There are several possible reasons why the financial situations of the CML patients have deteriorated. One explanation may be that their household income has decreased because of the onset of unemployment after their diagnosis of CML. In our study, 112 CML patients, who accounted for 20 % of the total valid responses, had quit their jobs because of the onset of CML, although the unemployment rate in this study is lower than that reported among patients with other malignant diseases [18]. Even if they could obtain new jobs to adjust their working conditions to their treatment, some of them may be re-employed at a lower wage. Another reason may be that the on-going recession in Japan caused the elevated unemployment rate, because the poor economy makes it difficult for cancer patients to find new jobs or to return to their former ones. One must also mention the side effects of imatinib as a third factor. Most physicians believe that imatinib has minimal side effects and that the patients can live normal lives during treatment [7]. The symptomatic side effects reported in this study are similar to those indicated in the national registry of the Pharmaceutical Medical Devices Agency of Japan, although we could not collect confirmatory laboratory data [19]. However, the actual lifestyles of the patients were quite different from physicians’ expectations; no fewer than 6.0 % of the patients had to quit their jobs because of imatinib side effects, with the majority of them unable to return to their workplaces, suggesting that side effects have a greater impact on patients’ careers than is evident in the medical literature. Another possible reason is retirement during the study period, because patients aged between 56 and 73 years old in 2009 may have retired during the period of interest.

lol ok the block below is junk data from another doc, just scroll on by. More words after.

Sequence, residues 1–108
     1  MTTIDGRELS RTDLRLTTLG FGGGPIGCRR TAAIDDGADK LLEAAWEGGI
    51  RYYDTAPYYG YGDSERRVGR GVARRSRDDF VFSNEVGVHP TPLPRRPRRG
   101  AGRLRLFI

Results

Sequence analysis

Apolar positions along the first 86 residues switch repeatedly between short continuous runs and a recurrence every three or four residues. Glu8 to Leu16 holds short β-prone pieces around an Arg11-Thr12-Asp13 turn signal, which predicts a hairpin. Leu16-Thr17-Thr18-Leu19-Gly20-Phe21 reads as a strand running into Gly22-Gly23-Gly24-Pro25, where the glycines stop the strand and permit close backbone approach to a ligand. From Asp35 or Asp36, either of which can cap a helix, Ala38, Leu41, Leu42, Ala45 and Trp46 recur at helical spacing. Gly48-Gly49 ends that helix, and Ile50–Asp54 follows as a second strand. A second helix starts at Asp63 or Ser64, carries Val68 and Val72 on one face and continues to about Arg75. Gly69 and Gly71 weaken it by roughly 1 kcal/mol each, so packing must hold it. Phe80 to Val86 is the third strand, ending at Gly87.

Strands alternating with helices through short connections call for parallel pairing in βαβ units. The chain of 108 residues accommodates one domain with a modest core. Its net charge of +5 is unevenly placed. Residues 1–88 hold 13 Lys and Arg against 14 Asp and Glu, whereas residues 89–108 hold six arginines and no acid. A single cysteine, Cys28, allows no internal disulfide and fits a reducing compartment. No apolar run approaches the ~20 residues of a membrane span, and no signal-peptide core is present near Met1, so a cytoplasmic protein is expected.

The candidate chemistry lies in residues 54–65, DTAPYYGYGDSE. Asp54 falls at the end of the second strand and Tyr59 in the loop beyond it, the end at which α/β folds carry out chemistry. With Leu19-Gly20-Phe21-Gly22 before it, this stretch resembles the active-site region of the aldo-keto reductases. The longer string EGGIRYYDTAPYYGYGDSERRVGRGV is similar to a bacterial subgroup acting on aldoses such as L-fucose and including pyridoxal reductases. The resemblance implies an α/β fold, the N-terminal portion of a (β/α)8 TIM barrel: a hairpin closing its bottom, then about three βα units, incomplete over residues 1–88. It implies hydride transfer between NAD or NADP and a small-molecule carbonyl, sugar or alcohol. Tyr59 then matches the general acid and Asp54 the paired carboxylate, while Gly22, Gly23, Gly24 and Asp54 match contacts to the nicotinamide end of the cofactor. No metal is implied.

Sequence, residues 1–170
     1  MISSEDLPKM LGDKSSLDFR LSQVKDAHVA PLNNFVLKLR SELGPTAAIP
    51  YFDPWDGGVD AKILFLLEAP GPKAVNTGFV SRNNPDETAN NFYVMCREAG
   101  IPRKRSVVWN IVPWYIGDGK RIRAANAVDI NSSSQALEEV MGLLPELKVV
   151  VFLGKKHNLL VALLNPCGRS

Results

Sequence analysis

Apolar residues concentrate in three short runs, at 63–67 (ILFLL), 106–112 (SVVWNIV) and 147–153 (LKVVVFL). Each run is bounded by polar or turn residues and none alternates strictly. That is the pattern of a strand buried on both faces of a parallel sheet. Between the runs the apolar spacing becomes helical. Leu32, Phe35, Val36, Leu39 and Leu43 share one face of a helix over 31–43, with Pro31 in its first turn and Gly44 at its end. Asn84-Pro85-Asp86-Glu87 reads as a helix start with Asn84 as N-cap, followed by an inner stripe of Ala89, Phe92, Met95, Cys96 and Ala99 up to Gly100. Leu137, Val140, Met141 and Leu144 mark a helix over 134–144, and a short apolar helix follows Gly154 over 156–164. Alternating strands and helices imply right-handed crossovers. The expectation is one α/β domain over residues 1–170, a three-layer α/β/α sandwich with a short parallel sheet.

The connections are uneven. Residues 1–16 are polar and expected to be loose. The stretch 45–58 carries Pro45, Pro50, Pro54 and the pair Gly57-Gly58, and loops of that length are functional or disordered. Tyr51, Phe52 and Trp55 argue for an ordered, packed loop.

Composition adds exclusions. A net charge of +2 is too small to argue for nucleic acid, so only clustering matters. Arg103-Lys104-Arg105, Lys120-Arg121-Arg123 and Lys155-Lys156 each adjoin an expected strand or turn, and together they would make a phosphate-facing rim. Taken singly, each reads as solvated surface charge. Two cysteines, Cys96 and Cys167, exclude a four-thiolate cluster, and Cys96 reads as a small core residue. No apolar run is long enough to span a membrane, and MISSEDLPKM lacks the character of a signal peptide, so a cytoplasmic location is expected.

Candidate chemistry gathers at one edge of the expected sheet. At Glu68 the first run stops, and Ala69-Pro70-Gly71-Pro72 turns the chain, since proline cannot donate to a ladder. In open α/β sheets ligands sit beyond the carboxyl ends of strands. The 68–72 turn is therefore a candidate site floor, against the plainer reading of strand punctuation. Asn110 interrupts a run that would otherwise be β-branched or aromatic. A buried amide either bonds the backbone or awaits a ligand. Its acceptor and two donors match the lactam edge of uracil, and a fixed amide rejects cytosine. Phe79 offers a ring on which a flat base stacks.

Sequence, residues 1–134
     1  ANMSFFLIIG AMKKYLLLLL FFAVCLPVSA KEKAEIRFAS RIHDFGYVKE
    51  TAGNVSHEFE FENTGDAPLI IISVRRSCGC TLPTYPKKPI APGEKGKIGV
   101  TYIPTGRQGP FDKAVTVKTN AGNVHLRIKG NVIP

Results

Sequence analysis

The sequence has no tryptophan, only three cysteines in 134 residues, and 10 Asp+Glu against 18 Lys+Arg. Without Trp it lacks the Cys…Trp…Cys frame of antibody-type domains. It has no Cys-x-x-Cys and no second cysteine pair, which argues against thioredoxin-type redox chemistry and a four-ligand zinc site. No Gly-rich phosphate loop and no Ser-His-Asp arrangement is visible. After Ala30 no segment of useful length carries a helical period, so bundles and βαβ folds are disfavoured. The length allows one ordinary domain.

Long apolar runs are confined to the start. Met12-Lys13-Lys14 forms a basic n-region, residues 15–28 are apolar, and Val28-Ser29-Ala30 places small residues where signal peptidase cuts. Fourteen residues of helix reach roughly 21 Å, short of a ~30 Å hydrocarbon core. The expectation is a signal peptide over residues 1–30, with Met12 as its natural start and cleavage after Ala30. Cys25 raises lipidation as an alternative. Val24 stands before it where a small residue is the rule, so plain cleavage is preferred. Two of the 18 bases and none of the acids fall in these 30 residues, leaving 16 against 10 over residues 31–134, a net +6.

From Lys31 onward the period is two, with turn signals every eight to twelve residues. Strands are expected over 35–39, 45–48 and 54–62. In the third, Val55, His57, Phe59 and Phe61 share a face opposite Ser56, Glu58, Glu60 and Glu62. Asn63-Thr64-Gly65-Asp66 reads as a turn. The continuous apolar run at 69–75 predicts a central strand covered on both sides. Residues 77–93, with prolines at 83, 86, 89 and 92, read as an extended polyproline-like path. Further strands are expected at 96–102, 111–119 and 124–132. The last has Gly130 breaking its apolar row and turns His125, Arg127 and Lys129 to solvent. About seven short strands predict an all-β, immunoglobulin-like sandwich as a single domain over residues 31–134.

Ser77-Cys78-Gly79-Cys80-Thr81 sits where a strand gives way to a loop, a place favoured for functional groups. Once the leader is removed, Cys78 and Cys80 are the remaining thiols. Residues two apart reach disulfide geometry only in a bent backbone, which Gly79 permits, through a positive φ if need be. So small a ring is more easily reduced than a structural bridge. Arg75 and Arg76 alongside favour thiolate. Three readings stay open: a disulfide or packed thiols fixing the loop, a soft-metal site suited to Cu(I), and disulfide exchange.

The multivariate analysis showed that household income, total medical expenses, and age affected the consideration to discontinue imatinib treatment. Younger patients and patients with lower incomes were more likely to have considered discontinuing their imatinib treatment, whereas patients with higher incomes were less likely to have considered discontinuing their treatment (Table 4). In addition, 25.3 % of our cohort had incomes of 25,000 USD or less in 2008, and the median ratio of their out-of-pocket expenses to their incomes was approximately 50 % (Figure 3). Thus, low-income patients face great difficulty in pursuing normal lives in the long-term.

Supplemental support for low-income patients who are not covered by social security and are being treated with expensive drugs for a long term should be considered, because the current refund system was designed for high medical expenses with short-term duration, such as surgical operations, not for new high-cost drugs for the treatment of cancer or rheumatoid arthritis. Although the development of a new support system for low-income patients would bring about additional cost to the government, we believe the system is still feasible, because it was reported that non-adherent CML patients prescribed imatinib might be more costly to the health care system than adherent patients [15].

The CML patient association has proposed a method to reduce medical expenses among its members. Since the summer of 2007, the association has informed members of the benefits of a three-month imatinib prescription. The three-month prescription is beneficial because refunds are calculated on a monthly basis and the maximum limit of the refunds is not affected by medical costs, meaning that prescribing imatinib in a particular month as much as possible can bring higher patient refunds. The refund system can be applied when patients pay medical expenses over the maximum limit four times or more per year; thus, a three-month prescription is the most reasonable way to reduce annual final co-payments. This information was shared with CML patients and might be related to the reduction of final co-payments in 2008 by 800 USD compared with 2005 (Figure 2). Proposing imatinib subscriptions every three months increases the payment of each clinic visit by about 1,923 USD; however, the annual final co-payment is reduced by approximately 3,846 USD because the patients can obtain larger annual refunds compared with those following monthly prescriptions. A similar movement by patient associations to decrease the financial burden of imatinib exists in Korea [20]. Unfortunately, not all patients have been able to reduce their annual final co-payment using three-month imatinib prescriptions. In fact, 49.6 % of patients continue to visit hospitals every month, even though their CML symptoms show no signs of worsening. It is possible that these patients regularly visit hospitals to reduce their medical expenses for each visit, even though a three-month interval between visits is sufficient from a medical standpoint [21].